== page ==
A new report from the Global Wind Energy Council and Greenpeace suggests that wind power could account for a full fifth of the world’s energy needs by 2030. Total installed capacity is projected to increase more than fourfold, from 240 GW (end 2011) to 1,100 GW (2020). It could then provide power for as much as 11.7 to 12.6 percent of the world’s electric needs, meaning CO2 emissions reductions of almost 1.7 billion tons.
Less optimistically, total capacity may just reach between 587 and 759 GW, but that’d still account for more than 8 percent of the world’s electricity supply. However, the report stresses the urgent necessity for systematic broad-base government support to ensure that the fledgling industry is allowed to flourish. From CleanTechnica:
Sven Teske, Greenpeace’s senior energy expert: “The most important ingredient for the long term success of the wind industry is stable, long term policy, sending a clear signal to investors about the government’s vision for the scope and potential for the technology.”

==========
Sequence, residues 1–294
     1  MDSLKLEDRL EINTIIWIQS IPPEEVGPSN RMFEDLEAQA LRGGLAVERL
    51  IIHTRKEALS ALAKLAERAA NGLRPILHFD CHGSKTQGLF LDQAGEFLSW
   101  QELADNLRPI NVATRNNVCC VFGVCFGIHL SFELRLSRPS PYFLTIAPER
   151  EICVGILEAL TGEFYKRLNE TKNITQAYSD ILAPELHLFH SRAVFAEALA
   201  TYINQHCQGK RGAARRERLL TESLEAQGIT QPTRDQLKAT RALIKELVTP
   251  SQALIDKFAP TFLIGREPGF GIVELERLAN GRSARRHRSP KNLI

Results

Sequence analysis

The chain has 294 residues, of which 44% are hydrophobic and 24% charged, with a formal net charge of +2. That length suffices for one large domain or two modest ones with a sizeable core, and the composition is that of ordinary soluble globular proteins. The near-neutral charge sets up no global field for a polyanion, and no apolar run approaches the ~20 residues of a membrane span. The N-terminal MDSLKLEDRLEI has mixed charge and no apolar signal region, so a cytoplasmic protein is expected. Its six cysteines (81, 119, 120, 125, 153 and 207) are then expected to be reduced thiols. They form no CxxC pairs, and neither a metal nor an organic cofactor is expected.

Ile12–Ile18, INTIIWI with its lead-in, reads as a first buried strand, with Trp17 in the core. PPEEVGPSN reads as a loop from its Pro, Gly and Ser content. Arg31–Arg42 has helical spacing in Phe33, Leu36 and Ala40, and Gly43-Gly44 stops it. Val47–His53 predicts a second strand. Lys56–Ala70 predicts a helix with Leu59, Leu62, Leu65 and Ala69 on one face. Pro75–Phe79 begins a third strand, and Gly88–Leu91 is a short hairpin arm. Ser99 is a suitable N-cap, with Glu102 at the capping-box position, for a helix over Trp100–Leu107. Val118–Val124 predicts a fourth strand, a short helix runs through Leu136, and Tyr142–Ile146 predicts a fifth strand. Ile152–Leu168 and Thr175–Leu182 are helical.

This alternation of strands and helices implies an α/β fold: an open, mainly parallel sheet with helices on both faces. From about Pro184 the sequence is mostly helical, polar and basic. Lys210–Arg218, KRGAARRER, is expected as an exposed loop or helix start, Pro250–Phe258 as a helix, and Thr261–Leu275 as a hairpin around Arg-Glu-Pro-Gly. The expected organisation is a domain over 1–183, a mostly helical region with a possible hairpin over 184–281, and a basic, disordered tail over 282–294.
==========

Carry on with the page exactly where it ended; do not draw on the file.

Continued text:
Over 2.1 million people are expected to be employed by the wind industry alone, by 2020—account for other renewables sectors like solar, and it appears clean energy sector is bound to become a major world player. Of course, after the explosive early growth, the rates will taper off and stabilize for a bit. In the most pessimistic case, the yearly wind market won’t grow or contract at all through 2015, and after that may shrink as much as 10 percent below 2011 levels by 2020. On the other hand, with efficient government support worldwide, the market could continue growing sharply between 2015-2020, and that means installed capacities between 1,600 and 2,500 GW by 2030.
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